On a train into Paris I see a text message. "Do you want to meet for a drink before dinner?" "Sure, name a place and I'll be there." My plan is to check into the hotel and take an early stroll along Rue Saint Honore to shake off the journey. It's a boulevard where people queue to worship the startlingly beautiful pieces by Gucci creative director Alessandro Michele. It's home to Hotel Costes and the Mandarin Oriental to Stella McCartney and Guerlain.
Sitting in the bath I am mesmerized by the slow moving barges on the muddy Thames. My hotel room is on level 45 of The Shard and the views make me feel like part of a James Bond film. One where Daniel Craig is James and London is post-cool Britannia and pre-Brexit. Every room of the Renzo Piano designed building has a view which stretches from Tower Bridge to the OXO Tower taking in Saint Paul’s Cathedral, and other modern landmarks such as the Walkie-Talkie and the Gherkin.
Hannah Hart, the star of My Drunk Kitchen, has warned fans 'alcohol is dangerous' as she shifts away from the persona that made her famous. The former New York proof-reader was struggling to find work before she became a global YouTube sensation following a video about making a cheese sandwich without cheese.
Muck Rack makes it simple to find people, tweets, or articles that mention any name, keyword, company, hashtag etc. We've compiled this guide to help you make the most of your search.
Selecting a term
Start searching tweets, articles from media outlets, articles mentioned in tweets, journalists'
names, titles and bios with some suggested searches:
Companies or Topics (e.g. iPhone, Microsoft)
Phrases (e.g. "cloud computing") — use quotes to keep the terms together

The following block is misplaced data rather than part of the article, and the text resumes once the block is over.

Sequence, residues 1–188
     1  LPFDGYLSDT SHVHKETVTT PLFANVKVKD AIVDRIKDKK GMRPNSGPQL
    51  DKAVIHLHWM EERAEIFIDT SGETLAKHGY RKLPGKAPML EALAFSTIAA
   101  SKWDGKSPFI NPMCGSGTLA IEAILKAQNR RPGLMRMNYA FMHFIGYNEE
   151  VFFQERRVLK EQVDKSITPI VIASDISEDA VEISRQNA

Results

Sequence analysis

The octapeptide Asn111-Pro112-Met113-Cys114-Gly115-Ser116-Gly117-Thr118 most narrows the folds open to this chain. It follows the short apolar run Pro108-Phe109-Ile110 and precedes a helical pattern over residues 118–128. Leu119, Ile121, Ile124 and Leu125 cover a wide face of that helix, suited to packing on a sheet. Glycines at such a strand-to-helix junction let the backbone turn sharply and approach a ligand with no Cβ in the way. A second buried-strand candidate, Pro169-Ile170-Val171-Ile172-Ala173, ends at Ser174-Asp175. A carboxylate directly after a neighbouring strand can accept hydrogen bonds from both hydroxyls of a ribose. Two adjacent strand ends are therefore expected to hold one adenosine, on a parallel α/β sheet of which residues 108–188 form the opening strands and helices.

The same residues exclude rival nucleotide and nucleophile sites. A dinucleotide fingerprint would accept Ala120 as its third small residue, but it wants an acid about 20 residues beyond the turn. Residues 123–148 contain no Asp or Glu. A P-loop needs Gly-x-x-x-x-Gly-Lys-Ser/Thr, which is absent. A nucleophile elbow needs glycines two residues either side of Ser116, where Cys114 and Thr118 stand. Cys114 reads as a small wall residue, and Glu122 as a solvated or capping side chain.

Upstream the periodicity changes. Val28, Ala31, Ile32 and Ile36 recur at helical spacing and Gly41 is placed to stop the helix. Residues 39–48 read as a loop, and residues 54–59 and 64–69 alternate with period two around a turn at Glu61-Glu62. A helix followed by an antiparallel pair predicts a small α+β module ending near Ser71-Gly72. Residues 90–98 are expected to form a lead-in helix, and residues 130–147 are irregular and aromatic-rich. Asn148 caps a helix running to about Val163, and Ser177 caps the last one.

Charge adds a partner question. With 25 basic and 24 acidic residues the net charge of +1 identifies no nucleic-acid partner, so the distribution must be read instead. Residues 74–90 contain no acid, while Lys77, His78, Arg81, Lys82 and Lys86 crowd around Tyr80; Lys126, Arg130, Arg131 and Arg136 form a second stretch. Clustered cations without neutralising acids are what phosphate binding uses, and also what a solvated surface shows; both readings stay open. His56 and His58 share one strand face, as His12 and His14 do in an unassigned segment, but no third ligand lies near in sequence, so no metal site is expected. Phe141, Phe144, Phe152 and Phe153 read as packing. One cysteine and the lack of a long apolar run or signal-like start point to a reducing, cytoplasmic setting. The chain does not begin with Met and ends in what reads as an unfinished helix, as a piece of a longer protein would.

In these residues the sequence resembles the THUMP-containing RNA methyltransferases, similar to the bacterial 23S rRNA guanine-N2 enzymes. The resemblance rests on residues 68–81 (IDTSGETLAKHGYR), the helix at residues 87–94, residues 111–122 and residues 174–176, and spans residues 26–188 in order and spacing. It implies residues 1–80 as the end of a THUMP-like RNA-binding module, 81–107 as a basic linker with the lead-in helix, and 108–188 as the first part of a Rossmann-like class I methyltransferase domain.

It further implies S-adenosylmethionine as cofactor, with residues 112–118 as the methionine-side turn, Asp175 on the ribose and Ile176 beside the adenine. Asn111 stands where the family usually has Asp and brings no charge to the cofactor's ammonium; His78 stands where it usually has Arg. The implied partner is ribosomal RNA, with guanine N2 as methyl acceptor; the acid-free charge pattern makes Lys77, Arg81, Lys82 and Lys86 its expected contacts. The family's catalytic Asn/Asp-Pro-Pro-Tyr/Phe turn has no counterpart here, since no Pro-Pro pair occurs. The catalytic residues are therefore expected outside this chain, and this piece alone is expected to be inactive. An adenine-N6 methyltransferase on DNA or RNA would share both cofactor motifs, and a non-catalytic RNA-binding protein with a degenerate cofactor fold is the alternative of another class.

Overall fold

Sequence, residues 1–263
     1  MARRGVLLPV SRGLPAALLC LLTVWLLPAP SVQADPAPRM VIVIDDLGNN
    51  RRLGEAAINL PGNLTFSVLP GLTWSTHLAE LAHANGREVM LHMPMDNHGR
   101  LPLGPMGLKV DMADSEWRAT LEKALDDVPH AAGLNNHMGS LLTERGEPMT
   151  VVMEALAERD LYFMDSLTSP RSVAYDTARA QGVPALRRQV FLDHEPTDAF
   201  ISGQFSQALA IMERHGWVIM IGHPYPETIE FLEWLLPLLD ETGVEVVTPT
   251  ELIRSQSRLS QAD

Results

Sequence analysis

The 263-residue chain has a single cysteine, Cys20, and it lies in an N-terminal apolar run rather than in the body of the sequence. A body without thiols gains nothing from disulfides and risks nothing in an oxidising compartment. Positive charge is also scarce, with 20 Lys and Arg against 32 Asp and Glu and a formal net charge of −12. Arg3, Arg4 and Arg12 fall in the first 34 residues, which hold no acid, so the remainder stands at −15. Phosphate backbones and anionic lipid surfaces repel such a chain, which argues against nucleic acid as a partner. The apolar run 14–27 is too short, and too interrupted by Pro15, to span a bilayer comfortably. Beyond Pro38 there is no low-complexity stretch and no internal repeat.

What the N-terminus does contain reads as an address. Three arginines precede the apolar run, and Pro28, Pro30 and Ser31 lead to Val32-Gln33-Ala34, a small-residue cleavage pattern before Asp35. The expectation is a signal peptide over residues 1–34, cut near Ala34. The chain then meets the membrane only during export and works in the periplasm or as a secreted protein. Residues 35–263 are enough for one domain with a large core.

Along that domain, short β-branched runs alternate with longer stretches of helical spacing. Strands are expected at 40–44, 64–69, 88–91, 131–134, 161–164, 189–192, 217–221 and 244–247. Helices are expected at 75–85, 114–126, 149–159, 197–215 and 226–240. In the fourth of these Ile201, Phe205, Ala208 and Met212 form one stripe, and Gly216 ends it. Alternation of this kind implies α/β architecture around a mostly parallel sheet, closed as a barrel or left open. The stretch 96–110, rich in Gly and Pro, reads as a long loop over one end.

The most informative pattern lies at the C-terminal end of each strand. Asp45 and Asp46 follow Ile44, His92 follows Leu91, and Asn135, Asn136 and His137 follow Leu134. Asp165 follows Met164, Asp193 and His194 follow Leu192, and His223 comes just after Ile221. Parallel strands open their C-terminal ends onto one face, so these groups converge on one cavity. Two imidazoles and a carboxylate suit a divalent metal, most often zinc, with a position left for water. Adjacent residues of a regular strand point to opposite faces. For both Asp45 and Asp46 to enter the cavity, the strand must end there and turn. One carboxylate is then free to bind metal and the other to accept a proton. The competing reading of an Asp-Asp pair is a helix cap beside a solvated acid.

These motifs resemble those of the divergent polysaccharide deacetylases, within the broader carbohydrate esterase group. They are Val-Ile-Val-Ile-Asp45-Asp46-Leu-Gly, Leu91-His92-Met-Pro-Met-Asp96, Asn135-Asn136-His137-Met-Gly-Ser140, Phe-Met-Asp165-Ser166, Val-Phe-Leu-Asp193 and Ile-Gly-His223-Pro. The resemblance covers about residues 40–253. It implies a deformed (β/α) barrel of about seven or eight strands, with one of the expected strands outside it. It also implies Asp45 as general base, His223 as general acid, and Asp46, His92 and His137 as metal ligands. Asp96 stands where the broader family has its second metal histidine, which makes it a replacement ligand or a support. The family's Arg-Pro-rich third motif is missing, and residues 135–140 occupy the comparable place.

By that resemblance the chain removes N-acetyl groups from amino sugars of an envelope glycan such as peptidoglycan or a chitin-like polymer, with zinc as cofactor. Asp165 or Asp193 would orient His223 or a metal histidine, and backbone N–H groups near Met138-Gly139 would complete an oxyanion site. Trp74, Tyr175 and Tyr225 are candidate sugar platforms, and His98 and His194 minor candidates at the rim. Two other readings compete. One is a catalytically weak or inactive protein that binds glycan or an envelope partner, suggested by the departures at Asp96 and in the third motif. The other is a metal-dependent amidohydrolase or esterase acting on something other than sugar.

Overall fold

Twitter handles (e.g. @username) — returns those who have mentioned or replied to
Names (e.g. "David Pogue")
Hashtags (e.g. #sxsw, #london2012)
Bio details (e.g. vegan, Olympics, father)
Muck Rack's Advanced Search allows for many boolean operators.
Find results that mention multiple specified terms, use AND or
+. For example, ensure each result contains both Elon Musk and Mark Zuckerberg by
searching Obama AND Romney or Obama + Romney.
Use the operators OR or , to broaden your search when you'd like either of
multiple terms to appear in results. (This is the default behavior of our search when no operators
are used.) For example, search for democrat OR republican to find results that refer to
Democrats and/or Republicans.
Use NOT or - to subtract results from your search. For
example, searching Disney will yield results about the Walt Disney Company as well as Walt Disney
World Resort. To exclude mentions of Disney World, search for Disney -World or Disney
When using one of these operators with a phrase, enclose it in quotation marks. For example, you can
find results about smartphones excluding Apple's iPhone 4S by searching smartphone -"iPhone
Exact case matching or punctuation
If you're searching for a brand name or keyword that relies on specific punctuation marks or capitalization, you can
find results that match your exact query by adding matchcase: before the keyword you're searching for, like matchcase:E*TRADE .
Use parentheses to separate multiple
boolean phrases. For example, to find journalists talking about having fun in Disney World or
Disneyland, search for ("disney world" OR disneyland) AND fun.
An asterisk can be used to search for any variation of a root word truncated by the asterisk. For example, searching for admin* will return results for administrator, administration, administer, administered, etc.
A near operator is an AND operator where you can control the distance between the words. You can vary the distance the near operation uses by adding a forward slash and number (between 0-99) such as strawberries NEAR/10 "whipped cream", which means the strawberries must exist within 10 words of "whipped cream".